Pakistan must account for basic expenses being given to Mumbai terror-attack accused Hafiz Saeed: US
This comes as Islamabad went to United Nations Security Council (UNSC) with a request to allow a pension of Pakistani rupees 1,50,000 to Saeed.
New York: The United States of America has said that Pakistan must account for "basic expenses" being given to 26/11 mastermind and UN-sanctioned terrorist Hafiz Saeed. This comes as Islamabad went to United Nations Security Council (UNSC) with a request to allow a pension of Pakistani rupees 1,50,000 to Saeed.
Alice Wells, US' Acting Assistant Secretary for the Bureau of South and Central Asian Affairs, said, "Countries are required under the obligations of the listings that for any UN-designated individual that you account for whatever money flow is permitted, such as the family’s expenses of Hafiz Saeed."
Calling Pakistan action to go to UNSC with the request "counterintuitive" but a "positive step", Alice Wells said, "So actually having these submissions indicates a level of transparency and a fulfilment of a key requirement of FATF. So we welcome this step."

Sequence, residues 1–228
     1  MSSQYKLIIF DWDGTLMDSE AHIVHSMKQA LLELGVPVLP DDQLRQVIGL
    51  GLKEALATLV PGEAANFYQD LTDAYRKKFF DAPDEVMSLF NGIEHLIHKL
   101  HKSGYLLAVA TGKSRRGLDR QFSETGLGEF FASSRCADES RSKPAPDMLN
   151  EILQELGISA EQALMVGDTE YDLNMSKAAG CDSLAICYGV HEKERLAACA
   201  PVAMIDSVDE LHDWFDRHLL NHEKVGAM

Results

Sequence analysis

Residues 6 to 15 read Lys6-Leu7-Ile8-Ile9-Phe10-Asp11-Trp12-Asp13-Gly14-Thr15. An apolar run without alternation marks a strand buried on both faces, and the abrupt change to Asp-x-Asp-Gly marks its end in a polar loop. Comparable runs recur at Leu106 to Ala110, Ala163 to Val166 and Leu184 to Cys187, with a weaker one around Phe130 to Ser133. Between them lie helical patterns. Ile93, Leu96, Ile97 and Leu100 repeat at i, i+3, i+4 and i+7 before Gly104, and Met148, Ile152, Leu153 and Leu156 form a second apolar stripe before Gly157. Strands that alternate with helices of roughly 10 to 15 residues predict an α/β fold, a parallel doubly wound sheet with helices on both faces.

The United Nations Security Council's 1267 Sanctions Committee under which global terrorists are listed has approved Pakistan's request to allow "basic expenses" to Hafiz Saeed. Islamabad's request got a no-objection until the deadline of August 15 at 3 pm as per New York time, leading to approval by UNSC.
Pakistan has said that such "an exemption was in line with the established procedures and practices of the UNSC 1267 Sanctions Committee". Pakistani government in its request had said that Saeed was the sole supporter of his four-member family and was responsible for food, drinks and clothing expenses for his family members.
The development had come just a day before Pakistani Prime Minister Imran Khan addressed the 74th session of United Nations General Assembly (UNGA) at the UN building in New York.
Hafiz Saeed was put on the UN sanctions list in 2008 after the deadly Mumbai terror attacks. There is a $10-million bounty on Saeed by the US for him. Currently, Saeed is in jail and faces trial for allegedly involved in the financing of terrorism.
Notably, Saeed's arrest has been seen as Pakistan acting under the Financial Action Task Force or FATF's pressure who decided to keep Islamabad on greylist after missing two deadlines to meet its anti-terror financing commitments.